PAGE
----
This is a really different take on mussels, and a speciality on the streets of Istanbul. The mussels are opened out, stuffed with a spiced rice mixture and then steamed to perfection. Delicious. Opening a mussel does take a little practice, but it’s very similar to shucking an oyster. You are essentially slicing the mussel in half, so there will be meat on both sides of the shell – but don’t be alarmed if it looks a bit ‘butchered’!
Soak the long grain rice in cold water for 30 minutes. Place the olive oil in a medium-sized lidded saucepan and set over a low heat. Stir through the onion, cinnamon, allspice and chilli flakes and cook for about 15 minutes, stirring frequently, until the onion is soft and translucent.
Drain the soaked rice and rinse under cold water before adding to the pan with the spiced onions. Add the pinenuts, currants, parsley and a seasoning of salt and pepper, stirring well to mix. Pour in just enough boiling water to cover the rice by 1cm and bring to the boil. Cover with a tight-fitting lid and boil for 3 minutes, then turn off the heat and leave undisturbed with the lid on for 10 minutes.
Meanwhile, open the mussels on a chopping board with a small sharp knife. The following instructions are for those who are right-handed; you will need to reverse them if you’re left-handed. Take a mussel in your left hand, hold it hinge end pointing left and flat edge pointing up towards you. The more curved edge of the mussel is facing down on the board. With the sharp edge of the blade facing to the right, force the tip of the knife directly down about halfway along the side facing up to you and pull the blade to the right and round so it meets the chopping board, giving it a little twist as you go. This should allow you to open the mussel into two still-joined halves. You are trying to break the hinge just enough so that the tension goes and the two halves open, but not so much that they separate. Repeat with all the mussels.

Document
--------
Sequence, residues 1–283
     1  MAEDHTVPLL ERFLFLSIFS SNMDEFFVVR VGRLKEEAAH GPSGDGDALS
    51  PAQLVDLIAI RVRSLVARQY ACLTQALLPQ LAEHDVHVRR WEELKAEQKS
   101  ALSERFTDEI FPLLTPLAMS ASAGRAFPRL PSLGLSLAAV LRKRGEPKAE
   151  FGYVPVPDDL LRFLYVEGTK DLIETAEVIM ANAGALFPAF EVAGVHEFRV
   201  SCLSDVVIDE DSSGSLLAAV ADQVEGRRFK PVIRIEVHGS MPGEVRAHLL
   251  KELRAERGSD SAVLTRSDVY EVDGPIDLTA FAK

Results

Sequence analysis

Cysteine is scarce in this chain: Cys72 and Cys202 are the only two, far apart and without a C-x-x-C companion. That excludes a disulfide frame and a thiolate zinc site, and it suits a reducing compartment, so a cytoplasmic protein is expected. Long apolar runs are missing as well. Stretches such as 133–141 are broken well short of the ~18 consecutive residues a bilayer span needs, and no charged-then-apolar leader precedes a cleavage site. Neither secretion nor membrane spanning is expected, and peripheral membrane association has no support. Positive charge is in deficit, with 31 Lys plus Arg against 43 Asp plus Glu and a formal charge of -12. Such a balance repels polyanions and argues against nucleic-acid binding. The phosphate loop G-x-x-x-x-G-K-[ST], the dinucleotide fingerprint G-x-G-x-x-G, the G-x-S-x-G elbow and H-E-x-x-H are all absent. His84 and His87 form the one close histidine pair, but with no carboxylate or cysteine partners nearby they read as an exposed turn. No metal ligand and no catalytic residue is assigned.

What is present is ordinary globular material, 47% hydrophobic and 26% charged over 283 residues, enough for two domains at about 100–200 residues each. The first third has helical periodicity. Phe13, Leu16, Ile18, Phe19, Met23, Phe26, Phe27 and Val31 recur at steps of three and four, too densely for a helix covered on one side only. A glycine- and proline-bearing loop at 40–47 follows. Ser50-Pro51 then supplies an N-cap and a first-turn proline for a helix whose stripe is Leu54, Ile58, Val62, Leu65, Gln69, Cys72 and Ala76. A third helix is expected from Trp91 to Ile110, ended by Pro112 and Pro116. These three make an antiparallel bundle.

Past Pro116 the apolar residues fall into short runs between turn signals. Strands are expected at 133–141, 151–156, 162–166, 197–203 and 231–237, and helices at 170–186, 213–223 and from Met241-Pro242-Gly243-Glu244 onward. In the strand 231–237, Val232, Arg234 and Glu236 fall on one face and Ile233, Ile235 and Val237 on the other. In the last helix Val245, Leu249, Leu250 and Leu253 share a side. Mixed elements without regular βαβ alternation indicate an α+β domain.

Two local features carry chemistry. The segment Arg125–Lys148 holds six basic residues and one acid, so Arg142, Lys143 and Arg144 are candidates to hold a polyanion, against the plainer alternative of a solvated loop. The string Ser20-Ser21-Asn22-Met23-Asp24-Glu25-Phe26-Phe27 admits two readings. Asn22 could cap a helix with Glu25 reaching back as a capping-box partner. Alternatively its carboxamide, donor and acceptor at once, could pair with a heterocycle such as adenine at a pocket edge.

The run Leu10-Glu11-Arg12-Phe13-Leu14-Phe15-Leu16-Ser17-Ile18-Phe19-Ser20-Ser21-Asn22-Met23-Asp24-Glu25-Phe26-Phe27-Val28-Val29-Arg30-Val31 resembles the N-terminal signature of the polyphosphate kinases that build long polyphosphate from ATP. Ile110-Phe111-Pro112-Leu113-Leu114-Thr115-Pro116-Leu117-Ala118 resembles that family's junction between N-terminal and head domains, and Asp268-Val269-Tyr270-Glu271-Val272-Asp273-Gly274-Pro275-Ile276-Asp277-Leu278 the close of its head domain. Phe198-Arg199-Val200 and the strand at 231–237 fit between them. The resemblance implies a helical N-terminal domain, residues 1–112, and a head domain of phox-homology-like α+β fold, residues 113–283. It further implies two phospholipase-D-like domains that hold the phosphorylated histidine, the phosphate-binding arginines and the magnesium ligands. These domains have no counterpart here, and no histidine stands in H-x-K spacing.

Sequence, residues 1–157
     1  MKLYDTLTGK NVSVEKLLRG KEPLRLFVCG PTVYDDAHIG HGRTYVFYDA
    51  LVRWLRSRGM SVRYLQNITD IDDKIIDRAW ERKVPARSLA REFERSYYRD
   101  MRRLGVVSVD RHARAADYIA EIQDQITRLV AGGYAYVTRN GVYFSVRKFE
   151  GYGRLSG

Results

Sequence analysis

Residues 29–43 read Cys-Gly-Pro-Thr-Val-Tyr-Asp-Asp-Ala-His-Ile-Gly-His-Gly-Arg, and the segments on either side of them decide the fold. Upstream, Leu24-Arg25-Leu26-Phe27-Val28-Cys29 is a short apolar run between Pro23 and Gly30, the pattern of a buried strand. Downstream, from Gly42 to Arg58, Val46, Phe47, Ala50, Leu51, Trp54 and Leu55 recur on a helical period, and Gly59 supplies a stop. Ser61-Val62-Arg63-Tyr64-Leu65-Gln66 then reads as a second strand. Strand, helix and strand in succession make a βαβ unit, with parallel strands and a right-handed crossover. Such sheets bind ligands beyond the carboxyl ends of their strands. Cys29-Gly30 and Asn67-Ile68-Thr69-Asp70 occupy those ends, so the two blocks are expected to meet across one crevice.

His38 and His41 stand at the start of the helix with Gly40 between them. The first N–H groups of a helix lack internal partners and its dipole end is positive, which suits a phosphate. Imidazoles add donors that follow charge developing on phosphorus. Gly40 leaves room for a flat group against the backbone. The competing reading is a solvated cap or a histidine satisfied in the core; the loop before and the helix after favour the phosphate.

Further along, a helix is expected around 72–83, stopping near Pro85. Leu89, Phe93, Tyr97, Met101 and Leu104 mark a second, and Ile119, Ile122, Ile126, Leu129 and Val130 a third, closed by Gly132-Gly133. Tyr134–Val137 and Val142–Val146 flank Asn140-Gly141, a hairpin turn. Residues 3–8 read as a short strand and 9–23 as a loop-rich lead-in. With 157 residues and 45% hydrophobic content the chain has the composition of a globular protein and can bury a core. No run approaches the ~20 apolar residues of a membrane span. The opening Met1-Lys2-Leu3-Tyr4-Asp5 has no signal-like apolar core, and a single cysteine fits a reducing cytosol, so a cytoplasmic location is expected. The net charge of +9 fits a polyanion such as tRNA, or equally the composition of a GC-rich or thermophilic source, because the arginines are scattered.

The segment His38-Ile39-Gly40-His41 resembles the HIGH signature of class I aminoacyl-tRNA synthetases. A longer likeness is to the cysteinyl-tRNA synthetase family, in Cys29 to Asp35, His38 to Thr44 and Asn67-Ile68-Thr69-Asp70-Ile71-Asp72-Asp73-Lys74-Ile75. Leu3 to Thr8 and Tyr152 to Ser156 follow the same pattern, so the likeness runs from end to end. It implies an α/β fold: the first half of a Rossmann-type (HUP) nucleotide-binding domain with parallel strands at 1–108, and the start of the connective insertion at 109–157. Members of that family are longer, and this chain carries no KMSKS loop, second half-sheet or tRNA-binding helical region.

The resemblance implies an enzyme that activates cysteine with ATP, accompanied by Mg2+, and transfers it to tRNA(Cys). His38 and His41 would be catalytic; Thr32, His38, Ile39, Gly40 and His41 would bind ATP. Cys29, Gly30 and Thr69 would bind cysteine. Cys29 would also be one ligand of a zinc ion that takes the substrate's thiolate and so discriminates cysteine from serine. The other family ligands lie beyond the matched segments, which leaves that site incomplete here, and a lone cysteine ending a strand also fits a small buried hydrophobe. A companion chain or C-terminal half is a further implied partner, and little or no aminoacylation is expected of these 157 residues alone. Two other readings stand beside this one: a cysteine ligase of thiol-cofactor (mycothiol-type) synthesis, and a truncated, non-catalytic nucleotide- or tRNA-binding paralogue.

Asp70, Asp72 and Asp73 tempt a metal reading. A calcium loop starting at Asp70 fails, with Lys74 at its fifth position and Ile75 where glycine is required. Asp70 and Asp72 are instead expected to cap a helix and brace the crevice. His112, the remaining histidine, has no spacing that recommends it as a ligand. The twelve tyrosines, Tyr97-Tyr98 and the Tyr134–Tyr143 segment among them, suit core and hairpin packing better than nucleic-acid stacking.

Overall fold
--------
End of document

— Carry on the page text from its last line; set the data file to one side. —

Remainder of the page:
Remove the lid from the rice and fork it through to separate the grains. Take an opened mussel and fill it with a heaped teaspoon of rice mixture, pushing the two halves back together as much as you can. Put the stuffed mussel into a large, deep frying pan, hinge side down, rice facing upwards – you need to try to line up all the mussels in a single layer in the pan.
Once all the mussels are stuffed and in the pan, pour in the boiling water and cover with a tight lid or piece of foil. Set the pan over a medium heat and steam the mussels for 10 minutes, or until the flesh is opaque and cooked through. After about 7–8 minutes, take a peek to see if the water has steamed dry, adding a splash more if it has. These are also great cooked in the same way over a medium-hot barbecue – the temperature is about right if you can comfortably hold your hand 10cm above the heat for around 3 or 4 seconds. Serve hot, or allow to cool a little – they are just as good served warm.